The term "mathematical art" usually conjures up just one name–that of Dutch graphic artist M. C. Escher (1898–1972). Many people are familiar with Escher's endless staircases, hyperbolic tilings, Möbius ants, intricate tessellations, and other creations. They may also be aware of the intertwining of mathematics and art during the Renaissance, with the development of perspective painting and eye-teasing stagecraft.
But the realm of mathematical art is far wider and more diverse than most people realize. A surprising number of contemporary artists count mathematics–from Fibonacci numbers and the digits of pi to tetrahedra and Möbius strips–as the inspiration for their creations.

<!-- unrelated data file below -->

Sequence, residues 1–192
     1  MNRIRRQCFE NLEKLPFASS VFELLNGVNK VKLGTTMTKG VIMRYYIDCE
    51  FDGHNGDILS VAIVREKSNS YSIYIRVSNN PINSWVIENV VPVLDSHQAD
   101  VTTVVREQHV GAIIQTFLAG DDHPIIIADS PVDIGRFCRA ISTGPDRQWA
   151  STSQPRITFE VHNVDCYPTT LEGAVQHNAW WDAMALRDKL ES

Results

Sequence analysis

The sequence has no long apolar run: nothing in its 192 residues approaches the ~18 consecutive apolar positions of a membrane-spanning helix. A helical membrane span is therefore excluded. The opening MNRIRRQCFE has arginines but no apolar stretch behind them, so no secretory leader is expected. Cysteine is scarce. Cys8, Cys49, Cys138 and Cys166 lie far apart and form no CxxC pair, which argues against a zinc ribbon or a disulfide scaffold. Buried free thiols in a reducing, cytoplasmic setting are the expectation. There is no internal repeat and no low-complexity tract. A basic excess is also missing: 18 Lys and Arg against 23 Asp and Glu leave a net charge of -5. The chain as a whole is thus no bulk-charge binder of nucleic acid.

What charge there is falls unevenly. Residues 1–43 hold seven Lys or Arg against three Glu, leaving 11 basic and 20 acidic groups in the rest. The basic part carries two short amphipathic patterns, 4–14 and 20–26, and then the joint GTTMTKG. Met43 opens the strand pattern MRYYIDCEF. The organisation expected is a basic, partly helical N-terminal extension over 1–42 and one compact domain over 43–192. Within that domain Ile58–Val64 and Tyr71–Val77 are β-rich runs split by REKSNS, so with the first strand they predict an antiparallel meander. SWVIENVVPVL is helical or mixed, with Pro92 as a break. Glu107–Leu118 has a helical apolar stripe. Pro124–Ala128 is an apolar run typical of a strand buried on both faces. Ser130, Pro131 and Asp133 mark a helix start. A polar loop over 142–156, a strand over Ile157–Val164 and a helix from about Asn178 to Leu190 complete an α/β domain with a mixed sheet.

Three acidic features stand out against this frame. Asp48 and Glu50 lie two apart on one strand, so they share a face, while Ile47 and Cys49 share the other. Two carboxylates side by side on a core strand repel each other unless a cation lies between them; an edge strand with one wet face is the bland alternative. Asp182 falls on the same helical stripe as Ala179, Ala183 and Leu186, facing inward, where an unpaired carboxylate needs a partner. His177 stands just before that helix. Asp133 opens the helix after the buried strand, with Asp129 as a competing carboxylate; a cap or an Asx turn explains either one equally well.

For those fortunate enough to be in New York City, the Art & Mathematics 2000 exhibit offers a rich sampling of artworks inspired by mathemat